Ciantar1739

Conte Ciantar, 1739, 1745, 1747, 1761.
Last update: 04-06-2020.
 
 
 
Granted to:  Giovanni Antonio Ciantar.
By: Mary I, Queen of Portugal
On: 1739 at Lisbon, Portugal.
With Remainder to: to his male heirs.
List of Title holders: 
Granted to:  Giovanni Antonio Ciantar.
By: Louis XV, King of France.
On: 1745 at Versaille, France.
With Remainder to: to his male heirs.
List of Title holders: 
1. Giovanni Antonio Ciantar, (d. 1765), 1st Comte, succeeded by nomination in his will to his younger son.
2. Conte Luigi Ciantar Paleologo, (d. 1803), 2nd Comte, succeeded by his son.
3. Conte Salvatore Ciantar Paleologo, (d. 1846), 3rd Comte, succeeded by his son.
4. Conte Luigi Ciantar Preziosi, (c. 1858), 4th Comte, succeeded by his grandson.
5. Nobile Salvatore Debono Preziosi, (d. 1910), 5th Comte, succeeded by his sister.
6. Nobile Marianna Debono Preziosi, (d. 1917), 6th "Comtesse", succeeded by her cousin.
7. Nobile Alfred Nicosia Ciantar, (d. 1927), 7th Comte, succeeded by his son.
8. Nobile James Joseph Nicosia Turnbull, (d. 1963), 8th Comte, succeeded by his brother.
9. Nobile Joseph James Nicosia Turnbull, (d. 1964), 9th Comte, succeeded by his son.
 
Heir: Nobile Paul Nicosia Turnbull, (1965-Contino Ciantar.
Heir General: Nobile Matthew Nicosia Turnbull, (2002-.
 
Granted to:  Giovanni Antonio Ciantar.
By: Louis XV, King of France.
On: 1747 at Versaille, France.
With Remainder to: life only.
List of Title holders: 
1. Giovanni Antonio Ciantar, (d. 1765), 1st Comte, extinct.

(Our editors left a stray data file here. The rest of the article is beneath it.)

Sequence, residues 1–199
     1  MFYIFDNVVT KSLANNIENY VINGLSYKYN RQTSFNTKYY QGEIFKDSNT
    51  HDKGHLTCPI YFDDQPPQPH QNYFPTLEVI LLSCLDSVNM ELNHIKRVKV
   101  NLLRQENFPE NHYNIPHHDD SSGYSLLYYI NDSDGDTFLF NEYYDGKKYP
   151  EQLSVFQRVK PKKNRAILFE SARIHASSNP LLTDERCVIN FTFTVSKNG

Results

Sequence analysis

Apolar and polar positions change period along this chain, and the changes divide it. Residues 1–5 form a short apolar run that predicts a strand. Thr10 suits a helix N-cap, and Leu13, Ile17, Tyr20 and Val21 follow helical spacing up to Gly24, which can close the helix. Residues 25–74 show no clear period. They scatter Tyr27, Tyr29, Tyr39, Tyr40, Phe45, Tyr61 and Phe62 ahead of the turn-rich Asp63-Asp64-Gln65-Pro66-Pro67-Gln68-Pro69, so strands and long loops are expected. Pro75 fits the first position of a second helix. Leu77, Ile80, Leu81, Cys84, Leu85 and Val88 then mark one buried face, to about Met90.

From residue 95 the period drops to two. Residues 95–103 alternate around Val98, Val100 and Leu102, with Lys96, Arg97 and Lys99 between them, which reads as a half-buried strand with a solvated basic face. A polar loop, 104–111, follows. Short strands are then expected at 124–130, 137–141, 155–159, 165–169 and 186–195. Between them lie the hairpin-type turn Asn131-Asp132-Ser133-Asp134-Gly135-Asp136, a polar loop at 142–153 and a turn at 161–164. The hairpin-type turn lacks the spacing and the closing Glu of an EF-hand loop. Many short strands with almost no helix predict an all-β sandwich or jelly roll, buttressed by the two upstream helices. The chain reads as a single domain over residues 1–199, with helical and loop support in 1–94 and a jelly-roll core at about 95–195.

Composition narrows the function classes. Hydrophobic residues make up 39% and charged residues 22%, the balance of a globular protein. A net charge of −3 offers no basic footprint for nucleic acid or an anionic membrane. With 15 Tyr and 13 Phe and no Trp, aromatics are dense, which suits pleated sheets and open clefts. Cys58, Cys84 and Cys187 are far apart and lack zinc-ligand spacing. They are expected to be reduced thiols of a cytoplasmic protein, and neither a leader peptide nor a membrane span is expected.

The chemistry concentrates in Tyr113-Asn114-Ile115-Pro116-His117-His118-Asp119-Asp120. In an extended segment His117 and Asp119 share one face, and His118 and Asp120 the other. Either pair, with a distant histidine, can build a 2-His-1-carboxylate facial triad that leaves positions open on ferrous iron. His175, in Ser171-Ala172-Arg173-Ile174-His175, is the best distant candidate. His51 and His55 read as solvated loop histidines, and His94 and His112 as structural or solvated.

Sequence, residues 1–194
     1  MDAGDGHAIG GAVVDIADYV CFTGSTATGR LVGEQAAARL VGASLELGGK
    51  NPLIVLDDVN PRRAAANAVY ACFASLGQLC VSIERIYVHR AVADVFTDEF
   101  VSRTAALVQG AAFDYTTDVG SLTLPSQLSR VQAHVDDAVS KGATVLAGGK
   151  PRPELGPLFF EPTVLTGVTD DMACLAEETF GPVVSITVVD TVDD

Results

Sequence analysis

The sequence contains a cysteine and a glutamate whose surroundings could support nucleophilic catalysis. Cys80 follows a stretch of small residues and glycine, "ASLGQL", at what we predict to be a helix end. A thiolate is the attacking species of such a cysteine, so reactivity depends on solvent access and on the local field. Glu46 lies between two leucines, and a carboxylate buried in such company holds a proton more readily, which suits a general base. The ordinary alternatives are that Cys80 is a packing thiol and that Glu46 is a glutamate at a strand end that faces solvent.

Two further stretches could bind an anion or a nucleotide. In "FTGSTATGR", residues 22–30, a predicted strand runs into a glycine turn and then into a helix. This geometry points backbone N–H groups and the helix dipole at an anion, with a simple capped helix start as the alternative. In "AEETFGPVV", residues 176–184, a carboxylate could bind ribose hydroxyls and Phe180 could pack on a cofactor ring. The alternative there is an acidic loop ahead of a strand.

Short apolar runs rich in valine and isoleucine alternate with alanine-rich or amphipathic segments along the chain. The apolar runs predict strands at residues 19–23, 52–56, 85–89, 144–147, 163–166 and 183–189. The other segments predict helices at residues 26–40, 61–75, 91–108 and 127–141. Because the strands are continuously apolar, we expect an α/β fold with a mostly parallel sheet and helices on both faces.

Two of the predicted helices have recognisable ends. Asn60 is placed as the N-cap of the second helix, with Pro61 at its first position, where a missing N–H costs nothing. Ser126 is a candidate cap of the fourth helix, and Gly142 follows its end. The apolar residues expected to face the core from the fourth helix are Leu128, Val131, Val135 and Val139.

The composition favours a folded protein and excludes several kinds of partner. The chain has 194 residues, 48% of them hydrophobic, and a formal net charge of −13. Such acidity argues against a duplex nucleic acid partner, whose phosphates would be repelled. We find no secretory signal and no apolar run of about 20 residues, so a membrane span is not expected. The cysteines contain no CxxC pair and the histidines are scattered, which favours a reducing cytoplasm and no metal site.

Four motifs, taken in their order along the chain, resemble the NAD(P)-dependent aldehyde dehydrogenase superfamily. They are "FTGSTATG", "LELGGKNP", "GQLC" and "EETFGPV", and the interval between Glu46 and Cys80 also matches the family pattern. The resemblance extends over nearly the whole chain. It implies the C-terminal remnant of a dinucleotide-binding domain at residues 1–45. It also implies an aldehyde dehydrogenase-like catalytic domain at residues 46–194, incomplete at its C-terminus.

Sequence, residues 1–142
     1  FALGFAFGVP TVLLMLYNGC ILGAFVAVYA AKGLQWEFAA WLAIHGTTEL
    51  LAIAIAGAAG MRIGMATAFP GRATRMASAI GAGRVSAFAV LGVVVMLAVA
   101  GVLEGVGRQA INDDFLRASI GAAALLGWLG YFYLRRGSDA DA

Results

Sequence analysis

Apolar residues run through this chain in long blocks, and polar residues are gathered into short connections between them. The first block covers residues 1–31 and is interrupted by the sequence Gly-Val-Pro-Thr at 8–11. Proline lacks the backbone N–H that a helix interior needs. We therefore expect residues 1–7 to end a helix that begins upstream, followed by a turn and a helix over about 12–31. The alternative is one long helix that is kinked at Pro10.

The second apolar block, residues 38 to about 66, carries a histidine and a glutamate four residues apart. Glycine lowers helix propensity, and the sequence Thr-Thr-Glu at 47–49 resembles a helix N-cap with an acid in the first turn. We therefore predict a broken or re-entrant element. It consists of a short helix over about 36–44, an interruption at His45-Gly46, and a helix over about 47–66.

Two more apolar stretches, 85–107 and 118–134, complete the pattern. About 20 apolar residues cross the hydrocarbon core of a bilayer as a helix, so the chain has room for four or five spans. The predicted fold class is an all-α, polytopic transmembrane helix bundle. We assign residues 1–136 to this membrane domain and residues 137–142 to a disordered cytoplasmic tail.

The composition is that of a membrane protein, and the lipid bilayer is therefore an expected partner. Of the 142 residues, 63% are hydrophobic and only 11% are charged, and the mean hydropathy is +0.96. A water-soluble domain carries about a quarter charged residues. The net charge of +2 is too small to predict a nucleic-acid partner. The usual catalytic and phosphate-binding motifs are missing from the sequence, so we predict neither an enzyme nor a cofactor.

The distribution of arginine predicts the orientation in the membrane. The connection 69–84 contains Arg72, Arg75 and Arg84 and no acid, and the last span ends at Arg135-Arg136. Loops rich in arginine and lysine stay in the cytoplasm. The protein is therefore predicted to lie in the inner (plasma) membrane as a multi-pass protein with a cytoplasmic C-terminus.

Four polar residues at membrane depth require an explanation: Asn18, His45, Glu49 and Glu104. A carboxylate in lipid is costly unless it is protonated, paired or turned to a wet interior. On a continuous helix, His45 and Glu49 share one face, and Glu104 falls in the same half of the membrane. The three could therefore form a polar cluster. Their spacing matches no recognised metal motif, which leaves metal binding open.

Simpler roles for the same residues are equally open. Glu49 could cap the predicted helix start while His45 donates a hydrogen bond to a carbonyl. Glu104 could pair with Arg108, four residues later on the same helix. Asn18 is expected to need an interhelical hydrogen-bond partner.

Granted to:  Giovanni Antonio Ciantar.
By: Louis XV, King of France.
On: 1761 at Versaille, France.
With Remainder to: Life only.
List of Title holders: 
1. Giovanni Antonio Ciantar, (d. 1765), 1st Comte, extinct.
 
Articles relating to this title:
 
The Roman Patricanship of Ciantar.
The Roman Patricanship of Ciantar  The dignity of Patrician of Rome (Wzzini/Ciantar?? (1744)
Footnote: Another “Dignity of Roman Patrician” appears to have been granted in 1744.
In 1878, this dignity was claimed by Conte Serafino Ciantar. However, it appears that this claimant did not produce any proof. 
The Royal Commissioners  dismissed this claim because, the same Commissioners decided not only that the claimant did not provide any proof whatsoever BUT ALSO because the same Commissioners held that this dignity was a mere municipal honour and not one emanating from a foreign sovereign, or fons honorum. (“Correspondence and Report of the Commission appointed to enquire into the claims and grievances of the Maltese Nobility”, May 1878, presented to both Houses of Parliament by Command of Her Majesty (C.-2033.) (See Report Para. 240)).
Thus, as far as the Commissioners were concerned, once they regarded this dignity as a municipal honour, it did not fall within the remit of the Commission because the Commissioners were of the opinion that once it is a municipal honour it does not qualify to be registered in accordance with the rules of 1739 and 1795 as enacted by Grand Masters Despuig and Rohan. 
The actual report says the following:
“Two similar diplomas of Roman Patricians are mentioned in the Committee list, dated respectively the 6th July 1674 and the 4th July 1744”..the latter being claimed by the Conte Serafino Ciantar. No proof or document whatever having been produced concerning these grants, such claims cannot be consequently allowed.
However, upon a more detailed analysis about the nature of this dignity, it appears that contrary to what was held by the Commissioners, that the 1744 dignity (if proven) is in fact a conferral of nobility because the city of Rome acted as a fons honorum (fountain of honour). See also http://cilialacorte.com/Patriciates.htm.
Sadly, from a reading of the Report, there is no indication as to who was the original grantee of the 1744 dignity. 
 

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